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Hackney Council starts £4m town hall revamp without planning permission

PUBLISHED: 16:38 08 September 2011

Hackney Town Hall

Hackney Town Hall

Archant

A cosmetic revamp of Hackney Town Hall which will cost more than £4million of public money got the go-ahead from planners last night - although works had already begun.

Proposals to transform the building’s assembly hall into a community space to replace the failed Ocean music venue were approved by the council’s planning committee last night.

Much of the £1.1million first stage of the scheme, including the installation of car park barriers, has already been completed - despite permission not yet being granted.

This includes the installation of car park barriers and a disabled lift in Reading Lane improving access to the hall.

A new disabled toilet, double doors and bronze plaques for a war memorial and a disabled lift to access the hall from in Reading Lane are still to come.

Central and South Hackney Conservation Area Advisory Committee, which comments on planning applications, said it took a “dim view” of the retrospective planning permission being sought for work on the Grade II listed building, which closed down several years ago.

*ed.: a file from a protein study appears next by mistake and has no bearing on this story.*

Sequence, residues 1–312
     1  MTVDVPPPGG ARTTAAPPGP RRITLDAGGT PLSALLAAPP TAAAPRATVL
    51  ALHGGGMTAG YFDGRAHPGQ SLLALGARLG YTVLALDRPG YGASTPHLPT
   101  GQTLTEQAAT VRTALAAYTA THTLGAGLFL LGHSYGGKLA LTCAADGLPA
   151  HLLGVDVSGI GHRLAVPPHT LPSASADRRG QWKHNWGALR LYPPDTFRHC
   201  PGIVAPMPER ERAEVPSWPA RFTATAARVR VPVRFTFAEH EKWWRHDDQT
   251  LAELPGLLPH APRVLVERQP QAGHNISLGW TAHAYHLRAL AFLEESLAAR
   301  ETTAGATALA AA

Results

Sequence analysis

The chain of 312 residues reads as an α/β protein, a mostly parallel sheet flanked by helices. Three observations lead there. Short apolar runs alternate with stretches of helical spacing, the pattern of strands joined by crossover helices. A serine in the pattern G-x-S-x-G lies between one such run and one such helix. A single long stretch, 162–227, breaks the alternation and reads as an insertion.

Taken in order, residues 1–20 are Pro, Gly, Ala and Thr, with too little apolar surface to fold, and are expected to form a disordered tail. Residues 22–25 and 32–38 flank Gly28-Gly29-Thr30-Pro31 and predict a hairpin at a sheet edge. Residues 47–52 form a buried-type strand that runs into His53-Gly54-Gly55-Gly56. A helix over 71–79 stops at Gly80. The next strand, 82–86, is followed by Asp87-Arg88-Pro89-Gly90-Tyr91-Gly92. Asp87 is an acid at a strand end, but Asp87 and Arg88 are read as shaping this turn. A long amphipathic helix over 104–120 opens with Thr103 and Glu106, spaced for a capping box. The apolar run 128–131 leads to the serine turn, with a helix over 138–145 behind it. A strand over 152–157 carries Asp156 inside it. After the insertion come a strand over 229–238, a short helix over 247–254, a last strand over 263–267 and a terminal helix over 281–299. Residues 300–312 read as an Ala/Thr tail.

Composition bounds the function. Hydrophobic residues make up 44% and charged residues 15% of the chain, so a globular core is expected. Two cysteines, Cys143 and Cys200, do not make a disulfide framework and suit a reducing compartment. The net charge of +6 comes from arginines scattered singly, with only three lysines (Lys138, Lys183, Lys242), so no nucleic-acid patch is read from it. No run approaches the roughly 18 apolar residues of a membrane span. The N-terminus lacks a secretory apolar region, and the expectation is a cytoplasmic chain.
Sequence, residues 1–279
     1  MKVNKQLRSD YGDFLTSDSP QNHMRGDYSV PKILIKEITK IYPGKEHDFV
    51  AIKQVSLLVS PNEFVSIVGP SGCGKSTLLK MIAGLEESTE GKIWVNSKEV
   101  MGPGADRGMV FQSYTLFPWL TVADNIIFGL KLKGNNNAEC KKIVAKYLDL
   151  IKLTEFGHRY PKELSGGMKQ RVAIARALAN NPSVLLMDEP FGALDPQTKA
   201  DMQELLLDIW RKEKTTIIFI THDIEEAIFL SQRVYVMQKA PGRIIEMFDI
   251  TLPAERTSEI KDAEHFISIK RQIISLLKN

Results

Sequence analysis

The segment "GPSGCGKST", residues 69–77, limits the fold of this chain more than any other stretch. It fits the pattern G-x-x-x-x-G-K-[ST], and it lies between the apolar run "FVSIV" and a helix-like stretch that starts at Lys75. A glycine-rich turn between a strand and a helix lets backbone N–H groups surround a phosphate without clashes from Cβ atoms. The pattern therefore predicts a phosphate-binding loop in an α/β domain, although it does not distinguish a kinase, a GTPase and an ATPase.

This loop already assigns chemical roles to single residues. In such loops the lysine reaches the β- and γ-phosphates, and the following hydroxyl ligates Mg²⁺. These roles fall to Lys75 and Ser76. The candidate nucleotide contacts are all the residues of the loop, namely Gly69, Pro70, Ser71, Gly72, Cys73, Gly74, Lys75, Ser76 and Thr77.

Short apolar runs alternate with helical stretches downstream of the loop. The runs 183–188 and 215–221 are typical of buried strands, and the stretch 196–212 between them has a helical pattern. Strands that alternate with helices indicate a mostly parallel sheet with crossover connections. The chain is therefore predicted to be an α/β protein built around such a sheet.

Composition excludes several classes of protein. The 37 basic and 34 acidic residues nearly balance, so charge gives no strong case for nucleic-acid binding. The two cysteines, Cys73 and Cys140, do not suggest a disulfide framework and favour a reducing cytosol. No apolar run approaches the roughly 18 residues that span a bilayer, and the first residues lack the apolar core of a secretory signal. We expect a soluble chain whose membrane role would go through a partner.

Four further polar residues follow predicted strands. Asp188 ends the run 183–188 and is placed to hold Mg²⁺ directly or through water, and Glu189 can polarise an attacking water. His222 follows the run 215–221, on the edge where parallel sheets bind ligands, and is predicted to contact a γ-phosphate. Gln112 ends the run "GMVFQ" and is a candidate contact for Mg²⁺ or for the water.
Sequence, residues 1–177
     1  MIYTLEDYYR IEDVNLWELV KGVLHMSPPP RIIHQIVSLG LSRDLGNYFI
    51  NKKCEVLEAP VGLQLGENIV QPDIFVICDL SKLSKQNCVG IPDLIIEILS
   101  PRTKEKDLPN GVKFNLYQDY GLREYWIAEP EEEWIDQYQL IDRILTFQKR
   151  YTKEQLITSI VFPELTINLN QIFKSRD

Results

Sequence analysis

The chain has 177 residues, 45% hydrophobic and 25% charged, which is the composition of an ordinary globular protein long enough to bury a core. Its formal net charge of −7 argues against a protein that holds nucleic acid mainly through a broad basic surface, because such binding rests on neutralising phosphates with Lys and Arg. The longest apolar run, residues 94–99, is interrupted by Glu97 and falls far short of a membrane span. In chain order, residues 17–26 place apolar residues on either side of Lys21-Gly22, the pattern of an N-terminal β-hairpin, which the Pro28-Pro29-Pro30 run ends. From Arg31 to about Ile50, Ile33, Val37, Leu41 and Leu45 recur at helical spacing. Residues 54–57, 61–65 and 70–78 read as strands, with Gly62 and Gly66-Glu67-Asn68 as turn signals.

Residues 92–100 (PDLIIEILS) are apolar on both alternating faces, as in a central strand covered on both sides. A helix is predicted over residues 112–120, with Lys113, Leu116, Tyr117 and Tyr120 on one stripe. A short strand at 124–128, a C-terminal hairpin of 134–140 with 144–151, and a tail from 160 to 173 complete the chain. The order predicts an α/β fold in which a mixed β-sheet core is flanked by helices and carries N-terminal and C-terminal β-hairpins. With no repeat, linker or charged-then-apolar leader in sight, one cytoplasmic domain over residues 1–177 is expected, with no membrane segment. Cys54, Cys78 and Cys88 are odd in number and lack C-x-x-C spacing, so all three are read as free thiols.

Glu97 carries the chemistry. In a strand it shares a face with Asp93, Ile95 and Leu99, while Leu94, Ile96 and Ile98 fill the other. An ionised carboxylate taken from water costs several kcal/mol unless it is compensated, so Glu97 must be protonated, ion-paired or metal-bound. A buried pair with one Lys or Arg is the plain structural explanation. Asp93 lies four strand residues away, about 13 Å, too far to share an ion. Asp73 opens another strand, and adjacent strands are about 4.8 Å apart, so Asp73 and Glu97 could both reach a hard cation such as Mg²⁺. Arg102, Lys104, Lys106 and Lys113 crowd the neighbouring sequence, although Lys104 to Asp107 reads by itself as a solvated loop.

The second stage of refurbishment, which will cost an estimated at £3m, includes work on the roof, windows and doors of the assembly hall, as well as the basement toilets, bar and kitchen.

A spokeswoman for the council said they wanted to carry out the renovations to “ensure Central Hackney once again has a community facility,” and the planned to open it back up for public hire.

She pointed out that since the closure of The Ocean, there is no such venue available in Central Hackney.

The music venue, just opposite the Town Hall was mothballed after six years after £23million of public funds were pumped into it.

It was leased this year to cinema chain City Screen.

Last year the council spent £8m restoring the art-deco grade II listed Stoke Newington Town Hall – just 2.4miles away.

The council spokeswoman said the money came from its capital budget, which does not pay for staff and services.

“This pays for one off things like this, which is why we have the money to do this now,” she said.

Discussions about the scheme began in 2002, and planning permission was obtained in 2007 but has now expired.

The council made £44m of budget cuts in March.


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